You may want to strip all of the black primer off of your replacement parts if it isn't an ecoat. Wash an area down with laquer primer and see if the primer rubs off-if it does then I would definately remove it all. If it doesn't rub off than it's probably an ecoat which should be left on and only scuffed for primer. When you do any priming make sure your surface is perfectly clean and textured properly for adhesion. Refer to all product tech sheets for suggested application and prep. Hope I answered some of your questions. Bob
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Old 09-18-2005, 10:26 AM
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Very helpful , thanks

When I use a 360 nozzle to blast hard to reach places, should I do this first, or do my general paint prep and do it afterwards?
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Old 09-18-2005, 08:39 PM
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Use the 360 degree spray head on the wand for the rustfighter cavity wax type coating only on the interior of panels, this should be done after all your paintwork is done. The oils and wax in this stuff can cause fisheye problems when you paint so it's better to do it after the paint is on. Bob
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Old 09-18-2005, 09:03 PM
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Ripped,

Be careful when grinding welds flat. I dont know what the guy used to weld or if its a butt joint or lap.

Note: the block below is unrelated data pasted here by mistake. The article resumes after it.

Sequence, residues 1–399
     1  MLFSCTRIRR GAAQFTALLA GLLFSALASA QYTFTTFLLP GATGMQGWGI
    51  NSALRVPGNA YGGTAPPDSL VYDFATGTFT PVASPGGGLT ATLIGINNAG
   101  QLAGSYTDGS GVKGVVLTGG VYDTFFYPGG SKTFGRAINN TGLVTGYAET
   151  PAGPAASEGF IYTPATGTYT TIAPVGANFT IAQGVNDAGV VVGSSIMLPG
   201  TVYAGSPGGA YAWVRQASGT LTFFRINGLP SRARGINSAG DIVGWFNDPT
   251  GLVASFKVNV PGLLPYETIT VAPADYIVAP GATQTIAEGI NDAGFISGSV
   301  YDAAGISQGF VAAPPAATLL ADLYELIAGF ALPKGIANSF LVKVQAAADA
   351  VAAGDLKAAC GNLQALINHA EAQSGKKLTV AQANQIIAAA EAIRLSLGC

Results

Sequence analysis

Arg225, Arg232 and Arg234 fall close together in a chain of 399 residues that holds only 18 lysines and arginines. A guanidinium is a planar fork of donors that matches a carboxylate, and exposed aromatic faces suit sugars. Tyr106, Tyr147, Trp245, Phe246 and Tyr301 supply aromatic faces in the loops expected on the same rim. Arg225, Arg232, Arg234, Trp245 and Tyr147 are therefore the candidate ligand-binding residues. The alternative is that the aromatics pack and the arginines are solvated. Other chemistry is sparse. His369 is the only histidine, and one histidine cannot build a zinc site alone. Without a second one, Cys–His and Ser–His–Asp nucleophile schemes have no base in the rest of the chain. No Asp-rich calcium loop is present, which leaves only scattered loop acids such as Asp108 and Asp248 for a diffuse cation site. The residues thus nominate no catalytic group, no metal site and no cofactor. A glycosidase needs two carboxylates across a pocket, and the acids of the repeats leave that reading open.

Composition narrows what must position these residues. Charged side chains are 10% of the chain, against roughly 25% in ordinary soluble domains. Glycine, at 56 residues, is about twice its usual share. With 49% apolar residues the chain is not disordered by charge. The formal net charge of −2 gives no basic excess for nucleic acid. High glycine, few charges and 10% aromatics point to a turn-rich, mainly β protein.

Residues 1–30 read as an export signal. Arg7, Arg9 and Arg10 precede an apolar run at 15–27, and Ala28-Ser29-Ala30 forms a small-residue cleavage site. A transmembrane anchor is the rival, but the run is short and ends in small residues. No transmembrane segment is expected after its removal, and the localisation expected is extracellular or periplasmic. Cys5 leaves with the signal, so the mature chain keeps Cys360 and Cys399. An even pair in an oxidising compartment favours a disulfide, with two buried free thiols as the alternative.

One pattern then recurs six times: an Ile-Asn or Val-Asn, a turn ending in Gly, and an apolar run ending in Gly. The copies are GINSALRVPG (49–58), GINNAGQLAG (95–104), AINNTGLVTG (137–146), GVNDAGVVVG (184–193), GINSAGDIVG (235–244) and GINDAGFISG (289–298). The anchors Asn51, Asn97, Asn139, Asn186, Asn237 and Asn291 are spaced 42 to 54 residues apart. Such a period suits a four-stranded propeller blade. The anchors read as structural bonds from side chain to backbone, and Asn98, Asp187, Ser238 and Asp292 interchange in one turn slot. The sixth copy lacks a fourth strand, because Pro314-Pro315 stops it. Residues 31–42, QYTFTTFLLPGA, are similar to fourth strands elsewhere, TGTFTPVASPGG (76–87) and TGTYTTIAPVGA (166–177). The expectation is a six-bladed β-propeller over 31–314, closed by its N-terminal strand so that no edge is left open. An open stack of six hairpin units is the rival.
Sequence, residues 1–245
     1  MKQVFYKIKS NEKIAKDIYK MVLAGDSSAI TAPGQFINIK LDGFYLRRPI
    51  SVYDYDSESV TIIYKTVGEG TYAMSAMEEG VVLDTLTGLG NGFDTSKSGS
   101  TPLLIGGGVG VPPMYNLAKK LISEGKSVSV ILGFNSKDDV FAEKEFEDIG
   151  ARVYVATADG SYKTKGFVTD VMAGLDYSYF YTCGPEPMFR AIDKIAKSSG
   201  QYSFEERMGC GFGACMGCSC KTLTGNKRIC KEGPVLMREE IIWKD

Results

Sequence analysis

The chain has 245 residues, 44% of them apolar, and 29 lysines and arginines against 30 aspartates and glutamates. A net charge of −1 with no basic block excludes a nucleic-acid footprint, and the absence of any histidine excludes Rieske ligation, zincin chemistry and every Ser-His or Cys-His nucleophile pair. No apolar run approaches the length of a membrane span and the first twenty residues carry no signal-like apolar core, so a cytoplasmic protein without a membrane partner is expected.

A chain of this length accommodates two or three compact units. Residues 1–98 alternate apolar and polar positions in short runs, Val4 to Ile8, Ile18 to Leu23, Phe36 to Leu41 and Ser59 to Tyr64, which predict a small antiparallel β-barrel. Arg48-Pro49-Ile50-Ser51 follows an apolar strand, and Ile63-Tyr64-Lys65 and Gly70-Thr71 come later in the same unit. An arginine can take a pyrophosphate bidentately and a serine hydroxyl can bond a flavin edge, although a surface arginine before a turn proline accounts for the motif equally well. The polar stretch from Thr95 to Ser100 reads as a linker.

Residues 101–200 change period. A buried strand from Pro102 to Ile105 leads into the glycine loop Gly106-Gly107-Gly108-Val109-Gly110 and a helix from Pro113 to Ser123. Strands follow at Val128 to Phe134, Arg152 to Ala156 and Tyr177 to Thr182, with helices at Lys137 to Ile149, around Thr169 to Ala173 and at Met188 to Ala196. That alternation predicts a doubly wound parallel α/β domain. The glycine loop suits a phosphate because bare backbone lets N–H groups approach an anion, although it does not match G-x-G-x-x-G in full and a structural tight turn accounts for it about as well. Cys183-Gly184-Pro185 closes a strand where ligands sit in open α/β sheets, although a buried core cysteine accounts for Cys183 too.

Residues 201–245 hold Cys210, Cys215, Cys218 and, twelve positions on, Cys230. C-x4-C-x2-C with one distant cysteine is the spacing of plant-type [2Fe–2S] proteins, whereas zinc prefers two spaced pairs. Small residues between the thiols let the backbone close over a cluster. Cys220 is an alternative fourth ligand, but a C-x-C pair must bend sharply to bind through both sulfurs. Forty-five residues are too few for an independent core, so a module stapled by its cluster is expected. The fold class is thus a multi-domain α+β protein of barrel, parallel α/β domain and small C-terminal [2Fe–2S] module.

If its a butt joint grinding it flat leaves virtually no strength if its the "average MIG weld". I have worked on lots of cars where just that has been done and have seen seams split/crack.

If you can I would leave a little bead on the top (not much) and then skim over it. Not knowing what your welder did is good reason to use a little precaution.

I want to add that I agree with Bobs comment on the seam sealer. He turned me onto that a couple months ago and I am not going back to my old sealers. Great Stuff.

Rich
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Old 09-18-2005, 09:17 PM
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Hello Rich, how is the Z comming along? I bet you're into the final blocking now. Bob
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Old 09-18-2005, 09:44 PM
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One thing I noticed, when looking over the Mustang tonight, trying to get a plan of attack in place; The car was sand blasted, then epoxy primered, then welded. There are a few pin holes in the trunk. There are also a few trim holes in the rockers to be filled. Lastly there are a number of areas where welding has blasted through and created a small hole.

There was a rear fender mounted antenna, which I want to delete

I am reluctant to simply bondo over, or seam seal these areas.

I was thinking of getting a welder, of my own to go over these holes. I could possibly braize them I suppose.

Any suggestions on what I should do, are more then welcome, as well as welder type suggestions,
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Old 09-18-2005, 10:02 PM
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I would NOT braze then. There is issues with brazing that you dont want to deal with.

I figured as much when it comes to pinholes. Not uncommon no matter how careful you are.

I would not hesitate to get a small sheetmetal MIG.
Rich
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Old 09-18-2005, 10:20 PM
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And Bob.........